At Stilus Design and Construction, you will be able to learn about how to build a Pergola right in your backyard. A pergola refers to a structure which will not be able to provide you with shelter from rain or wind, and it will only serve better when it comes to the midday sun. So why should you go ahead and build it? Simple, because when there are no walls and a roof, a pergola is a space on the outdoor which has no constraints. It is an architectural blend which places you both out and inside at the same time.
When you get to know all about pergola from Stilus Design and Construction, it will dawn on you that, it is what brings life to backyard landscaping. During olden days, they were used by Italian Renaissance gardens to cover walkways or serve as grape arbors. In today’s world, they are used to define passageways or just form a focal point in the garden. If you add a plant such as a grapevine or a wisteria, your pergola will be able to provide shade and color as well.
Materials to Construct A Pergola
- Post hole digger
- Socket set
- Circular saw
- Galvanized deck screws
- Lag bolts
- Pressure treated posts
- Pressure treated boards
- Start by selecting the site for the pergola and mark where you are going to place four posts. You can utilize a digger post hole to make the holes to a depth of up to 24 inches and with a width of 9 inches. Ensure that you add some gravel to the bottom of the holes to ensure that there is proper drainage. Take the 4 x 4 poles and insert them in the holes. Ensure that the posts are plumb and level. Attach 2 x 4 inches bracings to temporarily hold them in place. Mix cement which is fast drying according to the directions offered by the manufacturer and then pour it into the holes. Let them stay for at least 24 hours.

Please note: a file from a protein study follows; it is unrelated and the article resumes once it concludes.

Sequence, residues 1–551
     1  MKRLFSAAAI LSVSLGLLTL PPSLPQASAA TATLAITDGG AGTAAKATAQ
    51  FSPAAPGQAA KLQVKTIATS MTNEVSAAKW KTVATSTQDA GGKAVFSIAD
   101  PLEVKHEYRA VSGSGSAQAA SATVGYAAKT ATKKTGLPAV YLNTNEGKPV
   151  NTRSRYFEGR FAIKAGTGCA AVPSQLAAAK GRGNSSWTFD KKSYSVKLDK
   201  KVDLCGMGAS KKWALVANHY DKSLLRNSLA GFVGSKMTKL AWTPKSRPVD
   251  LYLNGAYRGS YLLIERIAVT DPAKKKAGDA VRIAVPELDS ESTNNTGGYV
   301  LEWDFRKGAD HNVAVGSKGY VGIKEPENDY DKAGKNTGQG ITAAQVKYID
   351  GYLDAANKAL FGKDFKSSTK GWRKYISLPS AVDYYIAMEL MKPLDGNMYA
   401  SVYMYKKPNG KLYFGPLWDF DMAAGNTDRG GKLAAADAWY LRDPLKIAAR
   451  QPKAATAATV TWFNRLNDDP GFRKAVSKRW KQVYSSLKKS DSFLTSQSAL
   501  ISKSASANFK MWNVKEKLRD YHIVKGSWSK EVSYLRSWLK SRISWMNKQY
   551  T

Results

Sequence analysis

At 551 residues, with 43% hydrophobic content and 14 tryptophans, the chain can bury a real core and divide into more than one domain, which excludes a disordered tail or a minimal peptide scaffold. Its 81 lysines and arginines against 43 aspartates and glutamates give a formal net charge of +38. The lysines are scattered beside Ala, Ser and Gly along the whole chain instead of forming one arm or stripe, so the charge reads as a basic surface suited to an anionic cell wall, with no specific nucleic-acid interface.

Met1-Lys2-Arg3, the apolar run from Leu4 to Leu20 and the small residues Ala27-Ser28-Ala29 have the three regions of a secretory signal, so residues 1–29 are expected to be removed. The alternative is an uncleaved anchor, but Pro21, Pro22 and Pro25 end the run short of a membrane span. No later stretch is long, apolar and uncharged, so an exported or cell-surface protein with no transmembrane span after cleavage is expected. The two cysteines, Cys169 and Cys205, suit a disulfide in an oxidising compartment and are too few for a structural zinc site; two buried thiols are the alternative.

- Cut the joist beams from about 2 inches by 10 inches boards to use to span the pergola posts. In order to create a look that is decorative on the joist beam end, you will have to draw a curved or straight design on the wood and then cut along the line using a jigsaw. Cramp temporarily in place while the holes are drilled in the posts and beams. Attach the posts to the beams utilizing the 3-inch lag bolts.
- The last step is to cut the stringers from 2 inches by 6 inches boards in order to span and ensure that you overhang the joist beams. In order to create a look which is decorative on the stringer ends, draw a curved or straight design on the wood and use a jigsaw to cut along the line. The stringers should be evenly spaced perpendicular to the toenail and beams.